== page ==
Good morning,

Welcome to our first edition of the Temporary Traffic Management newsletter for 2022.

Safety of road workers remains a high priority area for the department of Transport and Main Roads (TMR) and ensuring well designed, implemented and controlled worksites is critical in achieving this objective.

Concerningly we have seen a number of crashes at the ends of traffic queues in recent times. In response to this, TMR have produced a safety alert about this matter.

Also, please note that the new Queensland Guide to Temporary Traffic Management (QGTTM) contains significant guidance on calculating queue lengths and developing contingencies. This topic was also discussed in detail at our training events for traffic management designers last year. I encourage you to view the online version of this training session by completing the registration form in the article further down in this newsletter.

As always I welcome your feedback on this edition and any suggestions you may have for topics you would like covered in future editions.
Dennis Walsh
Chief Engineer
Engineering and Technology
Department of Transport and Main Roads

Adoption of AGTTM on 1 December 2021

Two years after its initial release in December 2019, Queensland formally adopted the new nationally harmonised temporary traffic management standards on 1 December 2021: Austroads Guide to Temporary Traffic Management (AGTTM).

The adoption of these guidelines in Queensland will be supported through a newly harmonised Manual of Uniform Traffic Control Devices (MUTCD) part 3 and the introduction of the new Queensland Guide to Temporary Traffic Management (QGTTM).

Updated QMUTCD – impacts for existing projects

In conjunction with the mandatory adoption of the AGTTM, QGTTM and Queensland MUTCD on 1 December 2021, clarification about the applicability of the new standards to existing projects was sought from members of the construction industry.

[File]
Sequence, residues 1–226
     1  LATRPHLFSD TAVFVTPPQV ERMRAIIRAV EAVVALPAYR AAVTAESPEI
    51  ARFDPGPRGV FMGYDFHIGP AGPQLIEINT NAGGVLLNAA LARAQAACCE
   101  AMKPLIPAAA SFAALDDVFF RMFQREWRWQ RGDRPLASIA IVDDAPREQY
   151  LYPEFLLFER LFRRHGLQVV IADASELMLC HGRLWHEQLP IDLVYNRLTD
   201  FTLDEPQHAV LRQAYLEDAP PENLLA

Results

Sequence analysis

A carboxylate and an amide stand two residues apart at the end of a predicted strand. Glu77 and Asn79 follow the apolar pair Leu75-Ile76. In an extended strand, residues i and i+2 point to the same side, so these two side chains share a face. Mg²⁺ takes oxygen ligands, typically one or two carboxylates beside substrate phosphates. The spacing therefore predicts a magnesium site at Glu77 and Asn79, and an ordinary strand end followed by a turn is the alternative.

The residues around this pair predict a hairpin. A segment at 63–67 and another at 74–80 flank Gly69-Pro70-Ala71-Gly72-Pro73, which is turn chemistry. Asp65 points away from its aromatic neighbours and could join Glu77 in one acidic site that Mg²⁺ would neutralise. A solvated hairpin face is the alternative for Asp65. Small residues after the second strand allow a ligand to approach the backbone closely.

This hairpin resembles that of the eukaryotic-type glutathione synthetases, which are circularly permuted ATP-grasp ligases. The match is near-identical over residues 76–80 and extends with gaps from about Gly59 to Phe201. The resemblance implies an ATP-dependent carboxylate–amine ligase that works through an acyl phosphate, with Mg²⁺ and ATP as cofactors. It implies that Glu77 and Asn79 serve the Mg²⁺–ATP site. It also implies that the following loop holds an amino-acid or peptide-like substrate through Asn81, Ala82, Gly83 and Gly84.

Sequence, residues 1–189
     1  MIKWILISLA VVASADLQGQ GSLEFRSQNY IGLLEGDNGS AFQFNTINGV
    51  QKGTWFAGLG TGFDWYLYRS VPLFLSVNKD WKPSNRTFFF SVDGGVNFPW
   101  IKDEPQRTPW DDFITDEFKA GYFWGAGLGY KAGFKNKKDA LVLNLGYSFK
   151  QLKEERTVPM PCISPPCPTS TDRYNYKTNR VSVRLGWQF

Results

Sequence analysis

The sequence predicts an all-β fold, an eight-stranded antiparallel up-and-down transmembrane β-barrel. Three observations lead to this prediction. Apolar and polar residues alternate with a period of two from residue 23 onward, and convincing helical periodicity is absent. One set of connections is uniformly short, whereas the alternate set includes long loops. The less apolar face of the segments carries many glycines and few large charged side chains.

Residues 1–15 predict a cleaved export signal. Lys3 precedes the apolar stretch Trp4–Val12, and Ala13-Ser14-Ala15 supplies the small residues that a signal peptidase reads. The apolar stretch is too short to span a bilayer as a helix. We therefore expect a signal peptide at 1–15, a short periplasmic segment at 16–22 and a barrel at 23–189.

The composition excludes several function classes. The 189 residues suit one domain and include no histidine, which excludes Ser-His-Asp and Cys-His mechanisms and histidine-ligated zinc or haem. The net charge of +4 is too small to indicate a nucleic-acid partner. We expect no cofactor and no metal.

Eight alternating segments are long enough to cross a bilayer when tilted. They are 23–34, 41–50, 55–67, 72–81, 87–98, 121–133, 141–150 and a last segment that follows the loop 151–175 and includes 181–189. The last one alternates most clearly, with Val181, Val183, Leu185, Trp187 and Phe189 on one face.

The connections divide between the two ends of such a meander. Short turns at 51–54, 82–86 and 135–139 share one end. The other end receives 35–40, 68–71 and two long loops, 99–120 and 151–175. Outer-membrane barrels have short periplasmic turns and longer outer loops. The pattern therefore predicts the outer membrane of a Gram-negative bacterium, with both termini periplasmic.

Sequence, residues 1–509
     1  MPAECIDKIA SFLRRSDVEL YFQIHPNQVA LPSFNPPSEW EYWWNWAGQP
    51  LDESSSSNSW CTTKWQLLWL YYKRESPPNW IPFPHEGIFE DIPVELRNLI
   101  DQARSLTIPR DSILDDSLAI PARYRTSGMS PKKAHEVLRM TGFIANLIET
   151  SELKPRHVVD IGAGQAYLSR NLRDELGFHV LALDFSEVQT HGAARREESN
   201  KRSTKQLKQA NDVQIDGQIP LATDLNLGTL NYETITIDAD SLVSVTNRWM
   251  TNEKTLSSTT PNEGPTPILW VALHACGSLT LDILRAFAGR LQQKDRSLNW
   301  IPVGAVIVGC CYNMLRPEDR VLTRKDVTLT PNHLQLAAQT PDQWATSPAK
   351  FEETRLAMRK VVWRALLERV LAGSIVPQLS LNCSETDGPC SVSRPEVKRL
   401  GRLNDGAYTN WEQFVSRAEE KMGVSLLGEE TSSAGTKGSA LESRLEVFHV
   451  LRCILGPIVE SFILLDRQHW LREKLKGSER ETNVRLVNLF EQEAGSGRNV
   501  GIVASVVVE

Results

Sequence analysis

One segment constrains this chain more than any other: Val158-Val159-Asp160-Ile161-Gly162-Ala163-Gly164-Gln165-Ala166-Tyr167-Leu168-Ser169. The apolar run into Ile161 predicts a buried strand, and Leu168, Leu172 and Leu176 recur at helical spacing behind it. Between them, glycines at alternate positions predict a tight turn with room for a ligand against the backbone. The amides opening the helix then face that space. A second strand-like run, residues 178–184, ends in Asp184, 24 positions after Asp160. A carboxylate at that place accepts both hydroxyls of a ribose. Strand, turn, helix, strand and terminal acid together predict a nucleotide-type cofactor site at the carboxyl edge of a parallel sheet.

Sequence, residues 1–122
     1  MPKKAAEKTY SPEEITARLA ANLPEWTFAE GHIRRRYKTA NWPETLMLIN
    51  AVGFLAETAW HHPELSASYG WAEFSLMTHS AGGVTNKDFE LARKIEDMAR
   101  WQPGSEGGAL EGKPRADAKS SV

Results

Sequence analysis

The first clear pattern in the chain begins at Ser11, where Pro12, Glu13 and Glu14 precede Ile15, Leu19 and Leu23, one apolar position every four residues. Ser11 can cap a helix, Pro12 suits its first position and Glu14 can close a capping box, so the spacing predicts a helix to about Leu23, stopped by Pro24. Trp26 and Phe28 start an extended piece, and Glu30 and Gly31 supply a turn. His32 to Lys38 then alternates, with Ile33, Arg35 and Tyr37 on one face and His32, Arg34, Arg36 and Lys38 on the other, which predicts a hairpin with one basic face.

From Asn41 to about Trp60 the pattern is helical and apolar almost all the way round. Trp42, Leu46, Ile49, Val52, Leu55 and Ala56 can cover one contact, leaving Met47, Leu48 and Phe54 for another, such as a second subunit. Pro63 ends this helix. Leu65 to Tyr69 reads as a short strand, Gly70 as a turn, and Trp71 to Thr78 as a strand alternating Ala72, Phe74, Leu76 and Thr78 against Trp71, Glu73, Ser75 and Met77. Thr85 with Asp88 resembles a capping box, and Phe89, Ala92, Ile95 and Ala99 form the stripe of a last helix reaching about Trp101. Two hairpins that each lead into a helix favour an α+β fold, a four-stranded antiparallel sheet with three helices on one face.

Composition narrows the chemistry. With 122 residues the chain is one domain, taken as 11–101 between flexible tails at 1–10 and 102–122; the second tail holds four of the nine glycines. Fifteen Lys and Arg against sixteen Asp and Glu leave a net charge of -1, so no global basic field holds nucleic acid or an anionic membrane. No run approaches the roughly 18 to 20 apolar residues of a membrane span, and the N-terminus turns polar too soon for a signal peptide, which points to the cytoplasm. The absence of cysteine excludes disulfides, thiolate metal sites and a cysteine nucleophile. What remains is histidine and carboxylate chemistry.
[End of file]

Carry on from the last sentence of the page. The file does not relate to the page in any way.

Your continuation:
For contracts in place prior to 1 December 2021, the version and applicable parts of the Queensland Manual of Uniform Traffic Control Devices (QMUTCD) and QGTTM that were specified in the tender (and then in the contract documents) are still considered to be applicable for the duration of the project.

Click here for the Transitional Guideline Approved Notice.

Traffic Controller Accreditation Scheme Approved Procedure

The 2022 release of Traffic Controller Accreditation Scheme Approved Procedure (TCASAP) includes updates to align with the Queensland Guide to Temporary Traffic Management (QGTTM Part 7 – Traffic Controllers).

The TCASAP specifies the operational procedures and other requirements that traffic controllers must comply with when performing their duties on Queensland’s roads. This document also sets out the obligations on employers of traffic controllers and site supervisors to ensure that traffic controllers are being monitored and well supported when performing their role.

The revised TCASAP retains much of the 2017 version but adds practical explanations to assist traffic controllers in applying their procedures when faced with varying road and traffic conditions at each site.

The new TCASAP was developed in consultation with industry representatives and includes information on:

  • setting up and using portable traffic control devices
  • using two-way radios
  • the importance of good preparation, including pre-start meetings
  • explanations around sight distances, sign locations and end of queue monitoring
  • awareness of changing conditions and traffic controller responsiveness
  • the need for additional signs and traffic controllers if warranted
  • incident management, reporting and on-site risk assessment, and
  • maintaining a professional image on the job.

The Traffic Controller Accreditation Scheme Approved Procedure can be viewed on TMR’s website.

New Technical Note about Traffic Guidance Scheme

A new Technical Note (TN195) about Traffic Guidance Schemes (TGS) was recently published by TMR. This technical note provides worked examples of the TGS development applicable for various work and road type scenarios.

The purpose of this Technical Note is to provide assistance to Traffic Management Designers in applying the requirements of the harmonised Austroads Guide to Temporary Traffic Management (AGTTM) approach in designing TGSs by providing a worked example with explanations and references to given scenarios.

Click here to access TN195. (Under the ‘Traffic Engineering’ heading)

New Technical Specification about boom barriers at road works

A new Technical Specification (MRTS267) about boom barriers at road works was recently published by TMR. This technical specification provides technical requirements for boom barriers intended to be used at road work sites, both independently and in conjunction with Portable Traffic Signal Systems (PTSS).